Tutorial 5 (norms and condition numbers of matrices), Q14
20231017 (3 hours)
Discussion on A1
Tutorial 5 (norms and condition numbers of matrices), Q510
3. Nonlinear equations and systems [5.1, 5.2]
roots, multiplicity
3.1 Fixed points and roots of functions [5.2]
systolic or contractive functions
3.2 Existence and uniqueness of root and fixed point [5.2]
Theorems 1, 2, 3, 4 with proofs
20231024 (3 hours)
midterm
Theorems 1, 2, 3, 4 with proofs (end)
3.3 Numerical methods for solving nonlinear equations [5.3, 5.4, 5.5]
Nonlinear solvers, residual, stopping criteria
3.4 Convergence rate of iterative methods [5.4]
3.5 The bisection method [5.5]
20231031 (3 hours)
3.6 Fixedpoint (functional) iteration methods [5.5]
Convergence of fixedpoint iteration (Th 4b, Th 5)
Rate of convergence of fixedpoint iteration (Th 6 with proof)
3.7 Newton's method (NewtonRaphson method) [5.5]
Rate of convergence of Newton's method
3.8 The secant method [5.5]
3.9 Numerical methods for solving nonlinear systems of equations [5.6]
Newton's method
3.10 Overview of iterative methods for nonlinear equations and systems
Fall break
20231114 (3 hours)
Tutorial 6 (nonlinear equations)
4 Interpolation
4.1 Approximation and interpolation  Introduction [7.1]
4.2 Polynomial approximation  Weierstrass theorem
4.3 Evaluating a polynomial  Horner's rule (nested multiplication) [7.3.1]
4.4 Polynomial interpolation using monomial basis functions [7.3.1]
4.5 Polynomial interpolation using Lagrange basis functions [7.3.2]
20231121 (3 hours)
4.6 Existence and uniqueness of polynomial interpolant [7.2]
4.7 Polynomial interpolation using Newton's basis functions
and the Divided Differences Table [7.3.3]
4.8 Comparison of the three bases
4.9 Error of the polynomial interpolant [7.3.5]
Tutorial 7 (polynomial interpolation)
4.10 Pitfalls of polynomial interpolation [7.3.5]
4.11 Piecewise polynomials and splines [7.4]
4.12 Linear spline interpolation (Lagrange form) [7.4.2]
Error in linear spline interpolation
20231128 (3 hours)
4.13 Cubic spline interpolation  choice of endconditions [7.4.2]
Error in cubic spline interpolation
4.14 Spline interpolation in MATLAB
4.15 Construction of a clamped cubic spline interpolant
4.16 Piecewise cubic Hermite interpolation
4.17 Overview of spline and pp interpolating methods
Tutorial 8 (piecewise polynomial and spline interpolation)
20231205 (2 hours)
extra note on Q4 of Tutorial 8
A2 discussion
summary
Notes and handouts:
Note on use of notes:
Notes will be available when the course starts.
While it may be convenient to study for the course by reading the notes,
it should be made clear that the notes are not there to substitute
the textbook or any relevant book. Notes are always more condensed
and give less overall information than books.
Notes with math notation, etc, are difficult to read online.
It may be preferable for some of you to print out the 4page style notes
on paper (preferably doublesided).
Access to the data below requires that
you type in your CDF (teaching labs) username
(same as UTorId)
and last 5 digits of your student number as password.
This password (for accessing the website) cannot be reset.
Lecture notes
 Computer Arithmetic and Errors,
1page,
[photo: hexadecimal, IEEE exponents],
[photo: IEEE ranges, correct in r digits],
[photo: condition number of function],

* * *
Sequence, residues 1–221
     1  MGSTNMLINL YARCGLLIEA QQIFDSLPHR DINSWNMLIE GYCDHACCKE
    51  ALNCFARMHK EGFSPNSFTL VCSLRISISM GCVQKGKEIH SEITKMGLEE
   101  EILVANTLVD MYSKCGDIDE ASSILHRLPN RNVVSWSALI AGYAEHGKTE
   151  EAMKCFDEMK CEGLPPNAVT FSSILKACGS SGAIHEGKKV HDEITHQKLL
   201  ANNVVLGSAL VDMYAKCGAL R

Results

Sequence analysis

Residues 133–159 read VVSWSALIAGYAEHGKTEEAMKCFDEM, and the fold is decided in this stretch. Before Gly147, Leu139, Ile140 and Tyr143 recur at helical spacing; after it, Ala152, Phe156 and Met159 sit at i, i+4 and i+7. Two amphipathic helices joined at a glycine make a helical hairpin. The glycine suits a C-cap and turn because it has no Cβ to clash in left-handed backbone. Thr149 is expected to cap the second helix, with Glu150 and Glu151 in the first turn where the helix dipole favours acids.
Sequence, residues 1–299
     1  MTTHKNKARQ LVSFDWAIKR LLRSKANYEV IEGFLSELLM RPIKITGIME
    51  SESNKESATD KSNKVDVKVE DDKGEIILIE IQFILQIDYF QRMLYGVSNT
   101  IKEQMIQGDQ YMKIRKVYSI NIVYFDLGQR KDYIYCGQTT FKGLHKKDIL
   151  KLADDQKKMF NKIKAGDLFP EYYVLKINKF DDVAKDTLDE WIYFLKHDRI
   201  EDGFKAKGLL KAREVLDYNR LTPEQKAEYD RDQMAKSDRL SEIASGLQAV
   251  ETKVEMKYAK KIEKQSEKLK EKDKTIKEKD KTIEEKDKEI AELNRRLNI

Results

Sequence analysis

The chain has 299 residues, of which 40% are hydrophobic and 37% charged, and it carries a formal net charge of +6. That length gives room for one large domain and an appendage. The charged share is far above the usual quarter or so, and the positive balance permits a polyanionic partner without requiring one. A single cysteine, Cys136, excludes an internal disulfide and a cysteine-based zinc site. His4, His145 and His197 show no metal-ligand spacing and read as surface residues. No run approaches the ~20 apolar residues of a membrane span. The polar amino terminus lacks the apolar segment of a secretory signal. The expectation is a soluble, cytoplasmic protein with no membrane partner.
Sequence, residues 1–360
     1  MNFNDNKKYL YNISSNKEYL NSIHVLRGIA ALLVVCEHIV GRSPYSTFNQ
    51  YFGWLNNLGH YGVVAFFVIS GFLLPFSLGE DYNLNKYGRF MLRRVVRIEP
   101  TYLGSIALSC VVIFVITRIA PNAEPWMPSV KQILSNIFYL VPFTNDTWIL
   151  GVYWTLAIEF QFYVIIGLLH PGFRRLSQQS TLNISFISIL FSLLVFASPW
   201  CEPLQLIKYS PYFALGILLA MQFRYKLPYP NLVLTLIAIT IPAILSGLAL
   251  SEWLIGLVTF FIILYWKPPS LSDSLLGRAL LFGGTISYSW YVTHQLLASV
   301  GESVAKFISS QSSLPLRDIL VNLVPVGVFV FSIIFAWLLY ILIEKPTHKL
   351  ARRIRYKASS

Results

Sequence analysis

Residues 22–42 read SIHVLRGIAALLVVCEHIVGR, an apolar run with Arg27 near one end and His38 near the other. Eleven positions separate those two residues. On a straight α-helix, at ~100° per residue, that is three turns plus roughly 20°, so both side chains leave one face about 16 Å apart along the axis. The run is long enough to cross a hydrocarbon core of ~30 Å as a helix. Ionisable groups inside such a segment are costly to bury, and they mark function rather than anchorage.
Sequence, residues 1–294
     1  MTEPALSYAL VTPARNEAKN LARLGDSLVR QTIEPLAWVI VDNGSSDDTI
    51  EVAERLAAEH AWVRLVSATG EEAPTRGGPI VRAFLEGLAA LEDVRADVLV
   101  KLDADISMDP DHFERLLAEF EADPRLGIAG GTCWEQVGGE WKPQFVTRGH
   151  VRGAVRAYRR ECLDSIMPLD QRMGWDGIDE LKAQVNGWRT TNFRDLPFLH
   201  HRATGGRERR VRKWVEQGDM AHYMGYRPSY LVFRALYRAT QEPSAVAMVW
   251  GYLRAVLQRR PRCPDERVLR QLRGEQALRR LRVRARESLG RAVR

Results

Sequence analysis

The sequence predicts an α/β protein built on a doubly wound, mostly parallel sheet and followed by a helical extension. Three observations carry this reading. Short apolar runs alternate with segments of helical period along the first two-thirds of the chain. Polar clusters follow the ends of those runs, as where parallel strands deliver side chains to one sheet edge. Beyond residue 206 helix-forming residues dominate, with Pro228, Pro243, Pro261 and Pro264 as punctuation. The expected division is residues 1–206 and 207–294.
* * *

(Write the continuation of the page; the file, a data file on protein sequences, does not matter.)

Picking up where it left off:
[photo: condition number of function, b/w and f/w errors]
 Vectors and matrices  terminology, properties,
1page,
f/b/s (forward and back substitutions) and GE,
1page,
LU factorisation on general and special matrices, inverse,
1page,
[photo: extra office hours, elementary permutation, LU factorization],
[photo: spd LDL^T, Choleski, banded f/b/s],
GE/LU with pivoting (partial, scaled partial, complete),
1page,
[extra: GE with pivoting, scaling],
[photo: misc A1, complete pivoting],
Norms and condition numbers of matrices,
1page,
[photo tut04q5: Choleski fact, lect: RCOND warning note: warning is of the form RCOND = 1e15],
[photo: Eucl. norm of orthogonal mat],

Nonlinear equations and systems,
1page,
see also hand written notes and
more hand written notes
[photo: nonlinear system, multiplicity, contraction, f(x) = 0 and x = g(x)],
[photo: IVT, MVT],
[photo: applicability of Thm 1, 2, 3],
[photo: applicability of Thm 4, residual, error],
[photo: order of convergence of sequence,
order of convergence of discretization method],
[photo: bisection],
[photo: rate of convergence of fixed point iteration, Newton's error],

Interpolation 1 (monomials),
1page,
[photo: evaluate interpolant on data points]
Interpolation 2 (Lagrange, Newton's, error, pitfalls),
1page,
[photo: multiple polynomial interpolants, order of convergence of sequence and order of convergence of discretization method],
Piecewise polynomial interpolation, splines,
1page,
[photo: discretization and rounding errors],
[photo: general spline interpolation, cubic endconditions]

Summary,
1page
Tutorial notes
 Tutorial on MATLAB, 1page
[photo: (tutmat) matrices, (tut01q2) sum geom series, (tut01q6) roots of quadratic],
 Tutorial 2, 1page,
[photo: (tutmat) matrices, (tut01q2) sum geom series, tut01q6 roots of quadratic],
[photo: diff (tut01q6) of cosines, (tut01q2) sum .aaa...],
[photo: diff of cosines, (tut01q8) exp(x)],
 Tutorial 3, 1page,
 Tutorial 4, 1page,
[photo: (tut04q4) misc spd, A^{1/2}],
[photo: (tut04q5) Choleski fact, (lect): RCOND warning note: warning is of the form RCOND = 1e15],
 Tutorial 5, 1page,
[photo: (tut05q2, q3, q4) condnum vs det, inv 2x2],
A1:
q1,
q1, q4,
q2,
q3,
 Tutorial 6, 1page,
[photo: q3],
[photo: q8]
 Tutorial 7, 1page,
 Tutorial 8, 1page,
[photo: q1, q4],
[photo: q4],
[photo: q4 extra note],
A2: [A2q3],
[A2q1],
[A2q1],
[A2q2],
[A2q2]
Assignments
Other